Analysis

Analysis: Abortion and the issue of privacy

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The U.S. Supreme Court decisions of Roe v. Wade and its companion case of Doe v. Bolton are known for not only legalizing abortion in all 50 states, but for doing so with terrifying scope and reach.

The basis for such a decision came from the so-called right to privacy found in the Fourteenth Amendment.  This interpretation of the Constitution has been sharply criticized, with claims made that perhaps the right to privacy was created out of the earlier Supreme Court case of Griswold v. Connecticut.

The application of one’s right to privacy expanded greatly to allow a mother to abort her own child, with Roe coming less than 10 years after the Griswold decision.

And so a Court decision with such a lasting impact as to prevent the births of more than 56 million Americans was justified by a right which isn’t even explicitly stated in the Constitution.

The Court has ruled that we do have the right to privacy. Should that be the basis for killing one’s own child, though?

With regards to privacy as it applies to sexual intercourse between two consenting adults in their own bedroom, few, if any, would want to get involved. That couple has a right to their privacy there.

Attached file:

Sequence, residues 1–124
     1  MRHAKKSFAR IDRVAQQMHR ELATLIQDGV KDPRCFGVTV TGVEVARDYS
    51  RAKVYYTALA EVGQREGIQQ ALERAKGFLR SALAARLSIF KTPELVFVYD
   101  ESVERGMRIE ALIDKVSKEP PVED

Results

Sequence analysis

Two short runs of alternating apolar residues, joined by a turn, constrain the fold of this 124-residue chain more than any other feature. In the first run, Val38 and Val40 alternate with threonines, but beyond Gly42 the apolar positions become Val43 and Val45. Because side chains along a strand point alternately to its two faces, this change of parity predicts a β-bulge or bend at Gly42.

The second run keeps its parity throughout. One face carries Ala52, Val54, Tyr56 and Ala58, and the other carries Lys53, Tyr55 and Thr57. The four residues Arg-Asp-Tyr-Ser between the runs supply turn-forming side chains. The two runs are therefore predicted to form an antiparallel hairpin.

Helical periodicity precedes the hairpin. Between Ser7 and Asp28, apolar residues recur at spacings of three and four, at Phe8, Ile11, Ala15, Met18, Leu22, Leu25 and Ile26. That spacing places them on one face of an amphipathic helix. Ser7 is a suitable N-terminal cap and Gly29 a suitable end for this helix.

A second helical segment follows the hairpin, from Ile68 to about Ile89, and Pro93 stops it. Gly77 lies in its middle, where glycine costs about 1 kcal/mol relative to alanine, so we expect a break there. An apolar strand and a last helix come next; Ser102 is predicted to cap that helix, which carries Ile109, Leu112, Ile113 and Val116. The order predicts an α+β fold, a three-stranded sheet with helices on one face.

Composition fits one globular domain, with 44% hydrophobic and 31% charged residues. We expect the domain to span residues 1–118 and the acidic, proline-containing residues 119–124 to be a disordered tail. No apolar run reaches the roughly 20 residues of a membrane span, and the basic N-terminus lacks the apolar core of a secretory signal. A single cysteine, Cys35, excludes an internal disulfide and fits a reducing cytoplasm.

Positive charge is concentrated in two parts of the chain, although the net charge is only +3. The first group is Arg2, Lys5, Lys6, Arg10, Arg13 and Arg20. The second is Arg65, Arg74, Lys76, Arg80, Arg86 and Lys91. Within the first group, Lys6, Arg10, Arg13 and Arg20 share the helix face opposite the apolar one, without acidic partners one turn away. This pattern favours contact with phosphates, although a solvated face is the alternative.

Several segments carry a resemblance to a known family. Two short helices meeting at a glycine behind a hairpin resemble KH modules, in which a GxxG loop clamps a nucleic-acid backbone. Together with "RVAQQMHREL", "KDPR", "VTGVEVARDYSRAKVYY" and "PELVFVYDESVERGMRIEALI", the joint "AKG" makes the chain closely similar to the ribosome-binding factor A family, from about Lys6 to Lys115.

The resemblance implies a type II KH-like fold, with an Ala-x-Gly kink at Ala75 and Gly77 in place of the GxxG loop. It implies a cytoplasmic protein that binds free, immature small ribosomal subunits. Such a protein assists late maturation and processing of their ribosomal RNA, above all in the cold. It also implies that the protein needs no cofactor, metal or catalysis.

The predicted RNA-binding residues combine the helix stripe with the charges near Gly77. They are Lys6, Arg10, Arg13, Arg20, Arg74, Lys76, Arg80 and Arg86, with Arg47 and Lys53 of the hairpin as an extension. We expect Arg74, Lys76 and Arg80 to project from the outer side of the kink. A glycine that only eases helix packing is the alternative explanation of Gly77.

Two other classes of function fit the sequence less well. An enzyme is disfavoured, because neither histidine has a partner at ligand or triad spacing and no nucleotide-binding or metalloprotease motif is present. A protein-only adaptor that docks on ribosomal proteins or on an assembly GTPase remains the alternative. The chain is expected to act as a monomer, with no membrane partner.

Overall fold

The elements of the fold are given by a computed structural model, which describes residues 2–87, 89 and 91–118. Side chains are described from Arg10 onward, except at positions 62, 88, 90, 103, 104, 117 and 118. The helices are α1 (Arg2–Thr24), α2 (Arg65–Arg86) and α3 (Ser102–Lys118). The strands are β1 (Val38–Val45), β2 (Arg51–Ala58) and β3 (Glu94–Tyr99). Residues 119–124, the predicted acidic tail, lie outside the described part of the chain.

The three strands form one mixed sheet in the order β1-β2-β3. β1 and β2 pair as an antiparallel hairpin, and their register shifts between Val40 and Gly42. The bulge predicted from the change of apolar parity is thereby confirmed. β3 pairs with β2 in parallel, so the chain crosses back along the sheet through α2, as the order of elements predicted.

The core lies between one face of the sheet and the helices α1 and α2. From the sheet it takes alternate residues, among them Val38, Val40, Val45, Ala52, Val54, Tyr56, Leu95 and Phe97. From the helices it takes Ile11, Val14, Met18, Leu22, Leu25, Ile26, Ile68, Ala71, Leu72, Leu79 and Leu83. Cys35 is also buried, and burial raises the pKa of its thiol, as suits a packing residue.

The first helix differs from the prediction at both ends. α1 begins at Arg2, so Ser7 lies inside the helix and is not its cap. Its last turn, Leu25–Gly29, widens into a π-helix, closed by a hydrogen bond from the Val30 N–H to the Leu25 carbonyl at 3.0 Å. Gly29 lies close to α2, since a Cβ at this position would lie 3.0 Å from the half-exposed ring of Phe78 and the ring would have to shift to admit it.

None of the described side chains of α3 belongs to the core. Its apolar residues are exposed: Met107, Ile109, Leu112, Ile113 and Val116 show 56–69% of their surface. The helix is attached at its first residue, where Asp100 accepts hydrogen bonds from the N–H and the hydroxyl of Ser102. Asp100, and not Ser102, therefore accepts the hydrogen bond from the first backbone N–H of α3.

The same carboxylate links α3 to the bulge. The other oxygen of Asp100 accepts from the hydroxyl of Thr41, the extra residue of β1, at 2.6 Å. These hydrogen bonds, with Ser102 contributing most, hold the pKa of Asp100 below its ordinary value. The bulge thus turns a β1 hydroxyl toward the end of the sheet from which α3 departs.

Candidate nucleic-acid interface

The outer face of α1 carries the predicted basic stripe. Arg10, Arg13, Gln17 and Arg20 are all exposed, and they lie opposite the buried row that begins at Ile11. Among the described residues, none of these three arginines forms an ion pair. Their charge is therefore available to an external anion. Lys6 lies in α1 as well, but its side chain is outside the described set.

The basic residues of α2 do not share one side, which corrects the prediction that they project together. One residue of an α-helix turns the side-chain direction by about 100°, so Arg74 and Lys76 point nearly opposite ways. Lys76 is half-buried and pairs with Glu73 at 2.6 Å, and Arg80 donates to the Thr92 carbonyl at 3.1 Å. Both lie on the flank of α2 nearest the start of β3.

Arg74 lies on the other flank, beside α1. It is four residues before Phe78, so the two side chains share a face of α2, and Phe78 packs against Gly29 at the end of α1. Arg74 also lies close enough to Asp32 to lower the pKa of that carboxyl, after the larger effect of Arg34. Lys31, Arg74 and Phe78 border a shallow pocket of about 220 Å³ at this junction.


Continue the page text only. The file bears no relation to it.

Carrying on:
If couples choose not to become pregnant, they have the option of acquiring birth control. With regards to the Court cases of Hobby Lobby and Conestoga Woods, pro-abortion groups carried signs reading “Not My Boss’s Business” and “No Bosses in My Bedroom.” If this were truly the case, bosses would stay completely out of a woman’s decision to use birth control, and this includes having to provide it. As blogger Matt Walsh mentions:

If your boss is in your bedroom, call the police. Or stop inviting him in. When you ask him to pay for what you do in the bedroom, you are inviting him in. Want him out? Good. Then stop making your birth control into a national headline. Deal with it yourself, privately.

Two main groups against the religious objections of companies to pay for certain forms of birth control include NARAL Pro-Choice America and Planned Parenthood. This means that groups which laud the Court case of Roe v. Wade can’t even accurately apply the right to privacy which was so instrumental to legalizing abortion.

Regardless whether a sexually active couple has used birth control, once a woman becomes pregnant, the situation no longer merely involves two consenting adults. An unborn child is certainly not an adult (though he or she is no less deserving of the right to life) and had no forethought with regards to being conceived.

If you want to have sex and use birth control, that’s your business. But you want to abort your child? That doesn’t sit right with me. I’m not going to get involved in your sex or or birth control decisions. It is, however, my duty to protect the lives of the vulnerable, defenseless and innocent unborn children when nobody else will speak for them. As pro-lifers we cannot just stand by and allow deaths of those who are innocent to occur  in the misguided name of privacy.

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